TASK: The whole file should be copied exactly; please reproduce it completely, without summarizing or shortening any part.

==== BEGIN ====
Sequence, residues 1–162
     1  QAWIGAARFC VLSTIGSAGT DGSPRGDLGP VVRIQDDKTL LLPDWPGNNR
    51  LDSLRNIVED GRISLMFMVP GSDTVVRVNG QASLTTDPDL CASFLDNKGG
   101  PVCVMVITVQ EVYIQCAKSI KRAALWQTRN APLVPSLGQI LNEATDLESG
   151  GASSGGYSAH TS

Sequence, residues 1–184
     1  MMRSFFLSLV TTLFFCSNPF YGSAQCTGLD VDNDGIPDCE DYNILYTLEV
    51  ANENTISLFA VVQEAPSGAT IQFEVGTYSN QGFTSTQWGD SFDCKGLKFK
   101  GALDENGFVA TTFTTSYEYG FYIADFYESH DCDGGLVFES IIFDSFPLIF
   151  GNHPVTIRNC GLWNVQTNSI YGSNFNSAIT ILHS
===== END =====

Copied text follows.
Sequence, residues 1–162
     1  QAWIGAARFC VLSTIGSAGT DGSPRGDLGP VVRIQDDKTL LLPDWPGNNR
    51  LDSLRNIVED GRISLMFMVP GSDTVVRVNG QASLTTDPDL CASFLDNKGG
   101  PVCVMVITVQ EVYIQCAKSI KRAALWQTRN APLVPSLGQI LNEATDLESG
   151  GASSGGYSAH TS

Sequence, residues 1–184
     1  MMRSFFLSLV TTLFFCSNPF YGSAQCTGLD VDNDGIPDCE DYNILYTLEV
    51  ANENTISLFA VVQEAPSGAT IQFEVGTYSN QGFTSTQWGD SFDCKGLKFK
   101  GALDENGFVA TTFTTSYEYG FYIADFYESH DCDGGLVFES IIFDSFPLIF
   151  GNHPVTIRNC GLWNVQTNSI YGSNFNSAIT ILHS